HOUSTON (April 14, 10 a.m. EDT) — Bombs flying over Baghdad will do little to slow down the Middle East's rise to prominence in world petrochemical markets, according to consultants at a pair of recent industry conferences in Houston.
“If you look ahead, it looks like a tidal wave of polyethylene exports coming out of the Middle East,” Chemical Market Associates Inc.'s Howard Rappaport said at the firm's World Petrochemical Conference, March 26-27 in Houston.
This tidal wave of PE is being spurred by the construction of 17 new ethylene crackers — producing about 33 billion pounds of PE feedstock ethylene — between 2003 and 2010. Theoretically, those crackers — which include seven in Saudi Arabia and another seven in Iran — could support production of 16.5 billion pounds of PE.
Pat Duke, a consultant with DeWitt & Co. Inc., has tracked Middle Eastern PE additions totaling almost 18 billion pounds from 2000-07. By 2007, the region's annual PE capacity will be more than 28 billion pounds, including more than 9 billion pounds in Saudi Arabia, Duke said at his firm's World Petrochemical Review, March 26-27 in Houston.
Even a postwar Iraq has the potential for two world-scale ethylene crackers producing more than 3 billion pounds of ethylene per year, CMAI's Andrew Pettman said.
Saudi Basic Industries Corp., the Saudi Arabian national oil company, is opening a major billion-pound PE plant later this year. Rappaport estimated that Sabic will be the world's fourth-largest PE maker by 2007. The firm wasn't even among the world's top 10 PE makers in 1997.
There's also a good possibility that Saudi Arabia will expand its downstream efforts in PE processing, including film production, as a means to create jobs for its citizens, according to CMAI's Pat Rooney. Rappaport said the country's existing plastic processing industry is undersized for its population.
The region's easy access to massive amounts of crude oil and natural gas feedstocks is driving the expansions. Saudi Arabia's annual oil production is equal to the combined production of the world's two largest oil companies — ExxonMobil Corp. and British Petroleum plc.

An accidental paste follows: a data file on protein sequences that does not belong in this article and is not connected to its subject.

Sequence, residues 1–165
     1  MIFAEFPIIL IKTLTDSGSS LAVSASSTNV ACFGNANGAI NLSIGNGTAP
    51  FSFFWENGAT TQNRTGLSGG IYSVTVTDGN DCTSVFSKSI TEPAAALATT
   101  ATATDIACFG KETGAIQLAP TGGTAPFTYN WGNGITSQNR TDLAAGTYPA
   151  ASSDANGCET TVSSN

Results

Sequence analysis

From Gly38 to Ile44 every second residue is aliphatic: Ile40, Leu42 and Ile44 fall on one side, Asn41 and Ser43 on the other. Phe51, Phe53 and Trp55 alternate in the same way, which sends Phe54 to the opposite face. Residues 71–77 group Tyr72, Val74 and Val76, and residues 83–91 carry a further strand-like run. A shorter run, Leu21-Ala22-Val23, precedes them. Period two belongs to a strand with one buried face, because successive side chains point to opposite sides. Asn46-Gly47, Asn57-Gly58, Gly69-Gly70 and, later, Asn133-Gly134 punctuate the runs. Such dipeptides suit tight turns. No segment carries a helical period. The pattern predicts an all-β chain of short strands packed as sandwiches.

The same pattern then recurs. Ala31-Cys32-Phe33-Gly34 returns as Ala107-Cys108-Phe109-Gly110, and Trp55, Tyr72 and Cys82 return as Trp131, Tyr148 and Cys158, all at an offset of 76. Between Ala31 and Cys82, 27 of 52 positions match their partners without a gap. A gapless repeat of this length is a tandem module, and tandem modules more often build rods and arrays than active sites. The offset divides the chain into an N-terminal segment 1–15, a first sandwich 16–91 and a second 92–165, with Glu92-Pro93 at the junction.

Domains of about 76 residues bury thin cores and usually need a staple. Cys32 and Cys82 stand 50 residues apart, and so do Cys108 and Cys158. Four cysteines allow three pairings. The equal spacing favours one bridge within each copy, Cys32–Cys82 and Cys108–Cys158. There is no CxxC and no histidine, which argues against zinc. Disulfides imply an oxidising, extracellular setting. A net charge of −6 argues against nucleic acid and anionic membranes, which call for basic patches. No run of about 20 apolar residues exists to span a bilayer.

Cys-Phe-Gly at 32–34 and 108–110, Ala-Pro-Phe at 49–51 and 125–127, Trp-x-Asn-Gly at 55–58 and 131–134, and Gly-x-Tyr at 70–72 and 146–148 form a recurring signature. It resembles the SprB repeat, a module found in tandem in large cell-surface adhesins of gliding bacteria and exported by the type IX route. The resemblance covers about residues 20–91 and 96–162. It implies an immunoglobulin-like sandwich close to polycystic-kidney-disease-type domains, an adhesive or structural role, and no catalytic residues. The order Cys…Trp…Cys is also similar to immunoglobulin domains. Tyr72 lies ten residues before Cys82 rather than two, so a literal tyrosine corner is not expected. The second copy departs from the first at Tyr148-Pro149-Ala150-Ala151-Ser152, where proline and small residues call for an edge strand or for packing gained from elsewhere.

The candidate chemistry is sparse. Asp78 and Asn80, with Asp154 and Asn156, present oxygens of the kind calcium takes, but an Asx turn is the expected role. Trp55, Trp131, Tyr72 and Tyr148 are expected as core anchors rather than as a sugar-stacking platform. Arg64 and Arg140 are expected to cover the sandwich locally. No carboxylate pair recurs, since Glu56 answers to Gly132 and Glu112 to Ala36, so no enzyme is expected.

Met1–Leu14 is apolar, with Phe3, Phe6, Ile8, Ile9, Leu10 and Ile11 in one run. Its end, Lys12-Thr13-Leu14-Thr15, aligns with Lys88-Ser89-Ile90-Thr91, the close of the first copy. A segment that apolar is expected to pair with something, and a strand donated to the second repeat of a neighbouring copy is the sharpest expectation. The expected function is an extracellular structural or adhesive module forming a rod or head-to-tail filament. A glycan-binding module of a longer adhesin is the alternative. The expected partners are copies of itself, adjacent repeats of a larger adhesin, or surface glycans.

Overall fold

CMAI's Pettman said this feedstock advantage allows Middle Eastern PE makers to produce PE at a cash cost of only $300 per ton, compared to $500 per ton in North America and $450 per ton, on average, globally.
Pettman added that as Sabic's PE capacity grows, there's a possibility the firm might use the PE assets it acquired from DSM NV in 2001 to produce specialty grades of PE, while focusing its native production on commodity PE grades.
Currently, most Saudi Arabian PE makes its way to Asian markets, primarily in China. Some material also ends up in Europe, Africa and South America.
CMAI's Rappaport said Sabic currently doesn't export much PE to North America, since Saudi PE doesn't offer much of a price advantage over North American PE in today's market. But if that price gap widens, things could change.
“The logistics are there [to import Saudi PE], but the critical mass isn't,” Rappaport said. “It's really just a matter of logistics and freight capabilities.”
CMAI's Rooney also anticipates “staggering growth” in Iran and Qatar as the nations jointly develop the world's largest natural gas deposit located between them in the Persian Gulf. Iran alone will add about 6 billion pounds of PE capacity in 2004-08, according to DeWitt's Duke.
“This new production is targeted for China and the Middle East,” Duke said. “So as it's built, it will isolate U.S. and Western European producers from competing in those markets.”